7:47 AM 4/15/99 ~!@#$% Spoke too soon. The client called last night to report he was getting lockups again - but not as many. Nemesis was still functioning most of the time. An AT&T tech rep walked him through clearing his cache and cookies, etc. The rep seems to think this is a video driver problem. I am dubious of this assessment, but it won't hurt to try for updated video drivers. I think something is seriously wrong with the Windows 95 configuration as Nemesis is displaying corrupt registry errors an a regular basis.

1:01 PM 4/20/99 Another session in the ring with Nemesis yesterday - Nemesis won. I ran a set of updated Norton AntiVirus floppy's on Nemesis while I battled Trader, the other PC at this location. Norton did not find any virus infections.

I changed the virtual memory swap file a couple of times. The process did not have the same positive effect it did last week. In his fight against me Nemesis appears to be a quick study. He is back to "Fatal Error" messages and BSOD hangups with just about every application opened. There have also been a lot of "Bad Registry" error dialogs which always recommend restarting Windows.

Next I installed CleanSweep Deluxe which choked at the end with yet another BSOD. I had trouble just running the installer since Nemesis either lost or was hiding the CD-ROM drive from me. I had to have him search for new hardware - he found the Standard IDE controller which I let him install. The problem may be a conflict with the Promise VLB IDE controller on this machine (it should not need the standard and promise drivers both). The CD-ROM drive appeared after Standard IDE controller driver installed and Nemesis was rebooted.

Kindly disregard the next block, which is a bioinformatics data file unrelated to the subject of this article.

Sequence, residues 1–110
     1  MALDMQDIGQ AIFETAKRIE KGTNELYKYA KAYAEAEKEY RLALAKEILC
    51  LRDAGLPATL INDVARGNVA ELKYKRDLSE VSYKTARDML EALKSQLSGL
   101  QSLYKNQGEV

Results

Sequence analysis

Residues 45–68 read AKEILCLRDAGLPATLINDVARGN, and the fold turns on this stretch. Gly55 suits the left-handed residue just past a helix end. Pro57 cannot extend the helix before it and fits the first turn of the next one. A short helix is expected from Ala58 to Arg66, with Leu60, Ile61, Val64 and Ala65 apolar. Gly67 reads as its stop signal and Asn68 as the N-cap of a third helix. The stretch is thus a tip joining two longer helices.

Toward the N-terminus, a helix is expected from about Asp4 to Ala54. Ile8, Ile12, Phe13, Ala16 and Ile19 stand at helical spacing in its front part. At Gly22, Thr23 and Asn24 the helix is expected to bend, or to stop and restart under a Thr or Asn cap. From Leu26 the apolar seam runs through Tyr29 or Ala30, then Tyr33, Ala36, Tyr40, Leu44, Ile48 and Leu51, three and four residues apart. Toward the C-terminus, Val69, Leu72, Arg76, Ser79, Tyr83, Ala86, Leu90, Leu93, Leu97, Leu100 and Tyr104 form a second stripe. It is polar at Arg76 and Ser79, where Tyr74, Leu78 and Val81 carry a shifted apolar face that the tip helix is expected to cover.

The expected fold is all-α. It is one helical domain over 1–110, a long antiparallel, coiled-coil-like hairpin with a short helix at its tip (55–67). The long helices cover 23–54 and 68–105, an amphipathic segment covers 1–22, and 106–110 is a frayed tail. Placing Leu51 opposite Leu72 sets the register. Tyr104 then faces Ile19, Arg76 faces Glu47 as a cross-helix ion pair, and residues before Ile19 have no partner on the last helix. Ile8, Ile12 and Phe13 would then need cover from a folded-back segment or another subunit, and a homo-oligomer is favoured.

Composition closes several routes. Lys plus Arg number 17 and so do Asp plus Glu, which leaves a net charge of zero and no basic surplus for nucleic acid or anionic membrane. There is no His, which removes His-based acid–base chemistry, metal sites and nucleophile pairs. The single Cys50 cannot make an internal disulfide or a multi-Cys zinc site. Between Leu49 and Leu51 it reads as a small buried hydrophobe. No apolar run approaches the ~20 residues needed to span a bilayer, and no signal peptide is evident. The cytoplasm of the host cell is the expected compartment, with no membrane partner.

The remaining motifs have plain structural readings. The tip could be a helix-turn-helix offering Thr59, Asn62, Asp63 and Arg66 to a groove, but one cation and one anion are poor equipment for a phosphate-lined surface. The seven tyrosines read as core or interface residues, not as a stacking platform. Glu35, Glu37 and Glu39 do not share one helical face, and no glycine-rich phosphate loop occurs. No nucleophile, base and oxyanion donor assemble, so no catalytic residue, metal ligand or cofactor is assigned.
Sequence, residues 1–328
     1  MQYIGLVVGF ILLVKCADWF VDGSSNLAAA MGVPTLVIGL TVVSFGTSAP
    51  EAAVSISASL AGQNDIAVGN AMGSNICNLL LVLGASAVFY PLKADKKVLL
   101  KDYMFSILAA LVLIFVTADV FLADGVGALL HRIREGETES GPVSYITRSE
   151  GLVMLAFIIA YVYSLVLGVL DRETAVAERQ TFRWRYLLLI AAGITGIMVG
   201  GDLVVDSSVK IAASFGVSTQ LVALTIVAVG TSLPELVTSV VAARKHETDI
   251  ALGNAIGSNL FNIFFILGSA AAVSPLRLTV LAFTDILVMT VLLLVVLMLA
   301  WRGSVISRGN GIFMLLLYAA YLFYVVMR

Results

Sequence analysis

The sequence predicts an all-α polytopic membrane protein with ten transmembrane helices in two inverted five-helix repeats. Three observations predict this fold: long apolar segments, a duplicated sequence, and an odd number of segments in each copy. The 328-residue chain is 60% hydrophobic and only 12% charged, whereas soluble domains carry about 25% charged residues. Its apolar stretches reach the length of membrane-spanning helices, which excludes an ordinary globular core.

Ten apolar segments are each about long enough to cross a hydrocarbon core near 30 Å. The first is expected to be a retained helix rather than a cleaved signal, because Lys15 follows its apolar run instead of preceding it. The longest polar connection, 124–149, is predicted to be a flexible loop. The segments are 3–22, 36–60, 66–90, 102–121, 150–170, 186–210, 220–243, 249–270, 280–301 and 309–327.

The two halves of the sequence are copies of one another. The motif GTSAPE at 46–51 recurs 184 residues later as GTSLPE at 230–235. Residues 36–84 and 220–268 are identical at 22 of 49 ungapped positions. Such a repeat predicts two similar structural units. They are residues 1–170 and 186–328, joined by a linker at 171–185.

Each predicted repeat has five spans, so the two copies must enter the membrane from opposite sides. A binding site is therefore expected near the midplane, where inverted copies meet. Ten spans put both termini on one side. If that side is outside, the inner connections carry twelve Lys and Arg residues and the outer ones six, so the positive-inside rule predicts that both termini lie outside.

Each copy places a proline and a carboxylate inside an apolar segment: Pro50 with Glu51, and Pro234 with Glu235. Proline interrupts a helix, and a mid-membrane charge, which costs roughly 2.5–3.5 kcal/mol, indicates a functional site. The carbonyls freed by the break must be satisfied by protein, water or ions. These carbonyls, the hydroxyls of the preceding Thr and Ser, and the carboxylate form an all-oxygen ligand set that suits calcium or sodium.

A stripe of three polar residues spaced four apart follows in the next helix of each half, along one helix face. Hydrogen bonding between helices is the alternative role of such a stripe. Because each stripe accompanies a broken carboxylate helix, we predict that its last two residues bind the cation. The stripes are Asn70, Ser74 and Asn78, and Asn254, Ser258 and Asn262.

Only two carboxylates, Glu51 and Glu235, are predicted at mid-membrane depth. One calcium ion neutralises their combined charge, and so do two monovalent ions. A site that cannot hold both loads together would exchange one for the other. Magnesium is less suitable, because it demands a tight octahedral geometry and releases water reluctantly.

Even though the CleanSweep install was flawed by a machine lockup, it seemed to be working. I made two passes with the Registry Cleaner module, rebooting between passes, but Nemesis was still broken.

Finally, I changed Nemesis' display driver to the Standard VGA Microsoft driver and rebooted to check the AT&T tech's contention that my client needs new video card drivers. Well, maybe he does, but that is not what is causing the problem because Nemesis is still locking up with the standard driver and it should work with all cards.